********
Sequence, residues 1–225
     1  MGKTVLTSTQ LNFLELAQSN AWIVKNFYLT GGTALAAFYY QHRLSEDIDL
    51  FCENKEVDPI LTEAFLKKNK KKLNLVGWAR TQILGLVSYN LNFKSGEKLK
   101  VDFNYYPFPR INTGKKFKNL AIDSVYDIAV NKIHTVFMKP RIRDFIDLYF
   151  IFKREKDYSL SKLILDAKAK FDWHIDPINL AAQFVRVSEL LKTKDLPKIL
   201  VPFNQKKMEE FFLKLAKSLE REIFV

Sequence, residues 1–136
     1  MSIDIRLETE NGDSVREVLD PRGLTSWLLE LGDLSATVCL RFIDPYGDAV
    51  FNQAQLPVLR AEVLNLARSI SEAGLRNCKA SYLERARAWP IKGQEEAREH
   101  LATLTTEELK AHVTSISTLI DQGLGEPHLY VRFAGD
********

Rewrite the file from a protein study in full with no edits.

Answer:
Sequence, residues 1–225
     1  MGKTVLTSTQ LNFLELAQSN AWIVKNFYLT GGTALAAFYY QHRLSEDIDL
    51  FCENKEVDPI LTEAFLKKNK KKLNLVGWAR TQILGLVSYN LNFKSGEKLK
   101  VDFNYYPFPR INTGKKFKNL AIDSVYDIAV NKIHTVFMKP RIRDFIDLYF
   151  IFKREKDYSL SKLILDAKAK FDWHIDPINL AAQFVRVSEL LKTKDLPKIL
   201  VPFNQKKMEE FFLKLAKSLE REIFV

Sequence, residues 1–136
     1  MSIDIRLETE NGDSVREVLD PRGLTSWLLE LGDLSATVCL RFIDPYGDAV
    51  FNQAQLPVLR AEVLNLARSI SEAGLRNCKA SYLERARAWP IKGQEEAREH
   101  LATLTTEELK AHVTSISTLI DQGLGEPHLY VRFAGD